It is very, very easy to write about hypnosis. With hypnosis, I know how to get the desired response out of my reader. It is the response I got out of myself. I know how to put into words the mindset and the sensations and the state of being. It is familiar; it is enjoyable.
It is very, very hard to write about pain.
The descriptors I use become meaningless words on a page, pixels on a screen. “Pain” does no justice to the way I'm made to scream when I'm hit, the way the impact burns and the way that sensation overwhelms me. I am left unsatisfied when I read over the snippets of my masochistic scenes. There is simply no written comparison to how the fear grips at me and holds me shaking in desperation.
I fixate, in my mind, on those tiny moments when everything is too real, when those countless blows that have come before have left me an absolute mess, twisting away in terror, aching and sore.
There is no way I can express how utterly sincerely I beg for it to stop; there is no way I can express how it feels when my pleas are ignored.
I do not yet know how to write about the tears, how to explain what it feels like when I am so helpless and abused out of my control that there is nothing left for me to do but cry. Nothing can compare to that moment of realization; panicked, desperate, defeated.
It is hard to accept that I can't make my words on pain as accessible as my words on pleasure. I'm left to close my eyes and dig my nails into my palm and replay the scene in my mind. Intensity is lost when I put those thoughts down. The ability to relate is lost when I put those thoughts down.
It is very, very hard to show why I like to be hurt.
But I will keep trying.
“Someone hand me that dart, please,” I hear DaSade say, and while I am blindfolded, I can tell that he is across the room, at range. I can picture the blunt, hard plastic.
The panic settles in fast and thick in my chest. Memory of the blowgun scene, of the first time I cried in fear of something, is weighed automatically against the pain and bruises I'm already struggling with in my arms and legs and I pull against the zipties, purely reflexively.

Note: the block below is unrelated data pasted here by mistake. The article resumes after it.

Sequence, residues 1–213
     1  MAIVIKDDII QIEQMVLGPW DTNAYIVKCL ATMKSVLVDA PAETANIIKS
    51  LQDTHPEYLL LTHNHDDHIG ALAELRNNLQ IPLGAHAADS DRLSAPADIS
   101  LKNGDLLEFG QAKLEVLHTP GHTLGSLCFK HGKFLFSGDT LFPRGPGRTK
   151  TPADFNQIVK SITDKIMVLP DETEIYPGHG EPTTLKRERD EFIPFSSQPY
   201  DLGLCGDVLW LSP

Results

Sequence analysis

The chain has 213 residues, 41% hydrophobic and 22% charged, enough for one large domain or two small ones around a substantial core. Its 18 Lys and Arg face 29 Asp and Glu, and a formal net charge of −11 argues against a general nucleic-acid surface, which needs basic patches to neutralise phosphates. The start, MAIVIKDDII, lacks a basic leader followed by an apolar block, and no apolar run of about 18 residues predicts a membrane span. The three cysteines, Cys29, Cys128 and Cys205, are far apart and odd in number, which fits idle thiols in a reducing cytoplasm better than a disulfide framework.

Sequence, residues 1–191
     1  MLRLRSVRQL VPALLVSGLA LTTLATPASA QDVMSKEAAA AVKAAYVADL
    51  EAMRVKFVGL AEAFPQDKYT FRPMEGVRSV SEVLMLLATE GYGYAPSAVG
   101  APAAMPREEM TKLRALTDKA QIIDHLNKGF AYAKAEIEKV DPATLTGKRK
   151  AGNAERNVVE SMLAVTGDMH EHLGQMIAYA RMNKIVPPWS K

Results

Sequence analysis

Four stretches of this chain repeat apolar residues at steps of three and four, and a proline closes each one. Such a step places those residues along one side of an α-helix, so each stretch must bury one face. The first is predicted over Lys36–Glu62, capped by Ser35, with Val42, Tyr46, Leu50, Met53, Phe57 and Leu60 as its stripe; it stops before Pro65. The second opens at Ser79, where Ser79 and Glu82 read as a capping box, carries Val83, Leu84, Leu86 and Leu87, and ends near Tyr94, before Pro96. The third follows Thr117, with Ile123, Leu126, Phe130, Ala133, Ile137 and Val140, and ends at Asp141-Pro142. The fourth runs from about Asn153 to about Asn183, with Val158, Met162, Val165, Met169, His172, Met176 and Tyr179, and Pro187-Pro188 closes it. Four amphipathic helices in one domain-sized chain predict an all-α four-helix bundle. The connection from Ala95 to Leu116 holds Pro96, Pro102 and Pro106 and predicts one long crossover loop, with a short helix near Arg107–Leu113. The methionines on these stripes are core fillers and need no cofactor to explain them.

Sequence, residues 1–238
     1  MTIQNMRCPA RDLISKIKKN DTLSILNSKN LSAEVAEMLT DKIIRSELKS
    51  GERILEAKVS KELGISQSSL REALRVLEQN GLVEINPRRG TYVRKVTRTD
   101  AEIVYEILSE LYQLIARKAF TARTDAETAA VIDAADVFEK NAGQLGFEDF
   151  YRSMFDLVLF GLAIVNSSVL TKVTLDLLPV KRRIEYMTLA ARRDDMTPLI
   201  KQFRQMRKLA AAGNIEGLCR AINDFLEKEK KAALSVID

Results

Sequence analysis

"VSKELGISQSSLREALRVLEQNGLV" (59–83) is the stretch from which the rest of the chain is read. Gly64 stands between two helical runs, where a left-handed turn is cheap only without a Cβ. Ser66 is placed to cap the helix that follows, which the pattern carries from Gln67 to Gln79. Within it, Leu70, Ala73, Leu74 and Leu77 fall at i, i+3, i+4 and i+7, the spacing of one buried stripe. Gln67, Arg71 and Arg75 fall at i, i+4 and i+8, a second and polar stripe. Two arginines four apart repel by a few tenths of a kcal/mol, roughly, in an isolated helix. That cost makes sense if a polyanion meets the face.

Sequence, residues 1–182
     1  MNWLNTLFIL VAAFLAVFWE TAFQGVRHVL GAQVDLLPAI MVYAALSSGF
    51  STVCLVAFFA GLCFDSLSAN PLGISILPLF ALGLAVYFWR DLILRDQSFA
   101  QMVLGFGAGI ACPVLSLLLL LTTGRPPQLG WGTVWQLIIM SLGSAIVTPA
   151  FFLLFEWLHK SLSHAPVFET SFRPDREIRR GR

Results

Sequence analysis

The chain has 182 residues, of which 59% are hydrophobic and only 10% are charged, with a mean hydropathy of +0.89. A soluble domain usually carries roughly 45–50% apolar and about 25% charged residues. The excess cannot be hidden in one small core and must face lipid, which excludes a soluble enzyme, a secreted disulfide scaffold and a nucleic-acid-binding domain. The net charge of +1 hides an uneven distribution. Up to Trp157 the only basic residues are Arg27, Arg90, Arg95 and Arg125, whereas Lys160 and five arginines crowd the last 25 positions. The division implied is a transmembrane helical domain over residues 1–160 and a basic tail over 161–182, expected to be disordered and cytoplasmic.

“No!” I cry, terrified. “Please, no... I don't want to...” I can't handle that kind of pain right now, I don't want it, I don't want him to make me take it...
“Are you ready for the blowgun?” His voice comes from across the room.
The fear, real and intense and gripping, “Oh god please no...” My voice is pushed higher and thinner and I can already feel tears, the lump in my throat –
“Count down from three.”
I wail in frustration and allow myself the release of a few sobs, realizing belatedly, again, that hanging my head only increases the pressure of the hard plastic tie around my neck.
But he had told me to count. He is going to make me take it anyways. I had wanted him to be merciless, and now I am getting what I asked for.
Biting hard on my lip, I take a shuddery breath and steel myself, defeated.
Pain is transient. Obedience is not.
“Three... Two... One...” Choked off by my own sob, muscles tensed so hard the ties dig in further, my heart pounding in my ears as I struggle not to cry...
It's going to hurt so much –
God please go easy on me –
His open hand smacks against my thigh and I moan in surprise and relief and let out a shaky laugh even as he slaps me again...
Thank you, thank you thank you thank you...
Adrenaline and relief rushes through me like no other drug in the world.
He ignores the way I push my hips forward for him to touch, the way I beg with my body for reassurance and physical contact and tenderness.
The way he punches my thighs is all the tenderness I can expect.
I will take it. I love it.